While all campsites in the Rockies (except Pocahontos campground in Jasper Nat'l Park) currently are first come, first serve, they are testing a reservation system for all Canadian National Parks. Hopefully, it will be up and running by next summer for sites in Banff. I do know that it will cover 3 more campgrounds in Jasper (Whistlers, Wapiti, Wabasso) next summer.



Check out this website before you leave; www.pccamping.ca



Campgrounds will fill up in the summer (July/August) by 1pm-4pm in the mountains, but generally on Thursday/Friday afternoons and stay full for the weekend. The first to fill up are full service sites (water, power, sewage) for those with RVs. Tent sites fill up slower.



If you travel early in the week, you should be okay. You can also get a back-country camping permit from Parks Canada, so if the campsite is full, you would be able to camp in the bush at a nearby back-country site, which aren't as popular with the average camper.



I hope this helps. When I go to the mountains, I drive to where I'm planning on hiking (Lake Minnewanka, Johnson Canyon, etc) and then get out of my car and hike 5-10 KMs and go back to my car, then return to my campsite, sleep, and do it all over again the next day.

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"Travel is fatal to prejudice, bigotry, and narrow-mindedness." – Mark Twain


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banksy


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Posted: 2004-08-18 04:24:00   

haha! i think i may leave myself in the dust! i'm not planning on doing 25-30km every day! woah! no chance. That will only be happening on the 1 or 2 occasions where the stretch between campsites is excessively long. I am planning to average about 10km a day. And i will have my lazy days of 5 or so km too ;o) Although i've never hiked excessively long distances with a heavy pack on.. so that will be a bit of a test too... I will be booking the Hostels in advance.. as i'm planning on stopping off at the hostels in banff and lake louise.. (i hear they fill up months in advance).. and i'll be booking the lake o'hara campsite in yoho too.. but i don't want to book everything in advance.. because i am not certain of how well i will be able to stick to my plan.. i'm not familiar with the trails so i'm sure i am under/over-estimating the times required to get to each campsite.. and hence i want to allow for a bit of flexibility in my route. I guess the best thing to do is have early starts and get to the camps around midday/early afternoon.. and at the weekends, be particularly cautious and start extra early so i can get to the campsites before they fill up.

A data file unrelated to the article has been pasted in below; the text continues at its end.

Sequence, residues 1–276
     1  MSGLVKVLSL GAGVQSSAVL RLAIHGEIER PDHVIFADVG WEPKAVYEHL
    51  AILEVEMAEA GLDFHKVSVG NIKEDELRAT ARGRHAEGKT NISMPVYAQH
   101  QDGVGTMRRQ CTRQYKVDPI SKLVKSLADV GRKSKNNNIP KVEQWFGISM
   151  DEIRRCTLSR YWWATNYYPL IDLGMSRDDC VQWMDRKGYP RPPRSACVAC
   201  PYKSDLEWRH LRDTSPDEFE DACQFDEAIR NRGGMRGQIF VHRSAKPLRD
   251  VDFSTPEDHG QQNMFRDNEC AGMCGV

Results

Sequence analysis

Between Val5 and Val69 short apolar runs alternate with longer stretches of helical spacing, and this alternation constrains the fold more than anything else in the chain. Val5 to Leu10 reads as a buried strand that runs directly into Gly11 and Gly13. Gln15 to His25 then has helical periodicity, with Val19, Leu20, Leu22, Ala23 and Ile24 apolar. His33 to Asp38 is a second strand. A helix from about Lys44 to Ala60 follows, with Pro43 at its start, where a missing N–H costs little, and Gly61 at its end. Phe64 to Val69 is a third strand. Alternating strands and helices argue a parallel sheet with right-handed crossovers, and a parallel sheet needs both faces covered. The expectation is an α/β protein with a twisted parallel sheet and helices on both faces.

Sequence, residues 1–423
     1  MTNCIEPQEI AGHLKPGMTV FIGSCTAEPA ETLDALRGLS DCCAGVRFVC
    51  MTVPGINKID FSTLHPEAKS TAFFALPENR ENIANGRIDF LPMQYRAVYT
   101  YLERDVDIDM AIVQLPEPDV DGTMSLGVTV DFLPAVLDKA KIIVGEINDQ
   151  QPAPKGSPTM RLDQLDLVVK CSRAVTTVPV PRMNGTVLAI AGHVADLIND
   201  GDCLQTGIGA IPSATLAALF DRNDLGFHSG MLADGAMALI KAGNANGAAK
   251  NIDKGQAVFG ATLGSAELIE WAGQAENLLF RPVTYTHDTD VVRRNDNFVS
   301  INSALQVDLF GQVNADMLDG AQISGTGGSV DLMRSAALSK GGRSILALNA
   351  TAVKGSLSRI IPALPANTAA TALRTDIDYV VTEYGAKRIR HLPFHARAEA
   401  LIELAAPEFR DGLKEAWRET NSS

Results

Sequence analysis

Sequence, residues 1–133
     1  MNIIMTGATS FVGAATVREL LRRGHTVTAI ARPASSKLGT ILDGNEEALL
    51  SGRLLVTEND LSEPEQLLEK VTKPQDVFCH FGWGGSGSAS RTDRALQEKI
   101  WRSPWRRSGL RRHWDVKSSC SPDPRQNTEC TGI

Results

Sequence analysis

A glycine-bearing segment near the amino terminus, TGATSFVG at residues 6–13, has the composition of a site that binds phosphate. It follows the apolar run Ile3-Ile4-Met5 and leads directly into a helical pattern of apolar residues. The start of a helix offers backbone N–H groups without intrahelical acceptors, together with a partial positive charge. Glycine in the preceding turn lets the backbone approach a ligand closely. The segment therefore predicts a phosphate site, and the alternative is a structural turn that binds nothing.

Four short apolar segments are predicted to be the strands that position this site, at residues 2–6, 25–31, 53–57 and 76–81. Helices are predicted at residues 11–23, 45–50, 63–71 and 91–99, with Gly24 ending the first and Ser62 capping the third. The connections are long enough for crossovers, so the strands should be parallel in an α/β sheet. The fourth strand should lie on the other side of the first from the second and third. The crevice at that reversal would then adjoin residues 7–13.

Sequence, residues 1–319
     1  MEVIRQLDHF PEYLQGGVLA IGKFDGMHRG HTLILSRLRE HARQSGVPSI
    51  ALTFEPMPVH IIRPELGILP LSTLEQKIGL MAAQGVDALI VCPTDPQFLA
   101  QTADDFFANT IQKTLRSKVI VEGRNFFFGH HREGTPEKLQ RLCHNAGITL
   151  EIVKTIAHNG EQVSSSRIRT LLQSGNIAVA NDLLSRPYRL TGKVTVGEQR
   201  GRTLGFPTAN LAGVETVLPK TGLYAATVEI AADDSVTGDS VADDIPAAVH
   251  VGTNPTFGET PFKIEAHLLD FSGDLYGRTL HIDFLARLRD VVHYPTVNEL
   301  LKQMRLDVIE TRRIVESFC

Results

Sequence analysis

this back country camping permit... i've read about it on the net but it doesnt say much, and has left me even more confused. Does it allow me to camp anywhere in the national parks..? where there is suitable land for camping>? or are there designated sites for hikers with these passes? Thats potentially good news.. because i'm not so much bothered where i camp.. Provided i can pitch a tent when i need to... i'm happy!



Driving would make certain aspects of the trip considerably easier... but not only is it much more costly... from what i have discovered.. rental car places in alberta require you to be atleast 25 years of ages.. me and my friend are only 20 so that's unfortunately not a possibility.



i really appreciate your help! You've given me alot of sound advice.. and for the weblink too! I shall investigate that further. cheers, you've been a great help :o) i'm grateful to have stumbled upon this forum!


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banksy


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Posted: 2004-09-06 19:35:00   

i need to start buying supplies for my alberta trip..



does anyone know what kind of sleeping bag i will need for camping in july/august in the rocky mountains? will a 1-season bag suffice? cheers for any help you can give!


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bootlegga

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Posted: 2004-09-06 21:13:00   

I would say it depends on the type of person you are. Myself, I just unzip my sleeping bag and use it as a blanket. My girlfriend, who is always cold, brought a winter weight sleeping bag and still complained her ears were cold.



Personally, I say pack light and get a summer season sleeping bag. Bring a sweatshirt and sleep in that if there is a unseasonable cold snap while you are here.

---
"Travel is fatal to prejudice, bigotry, and narrow-mindedness." – Mark Twain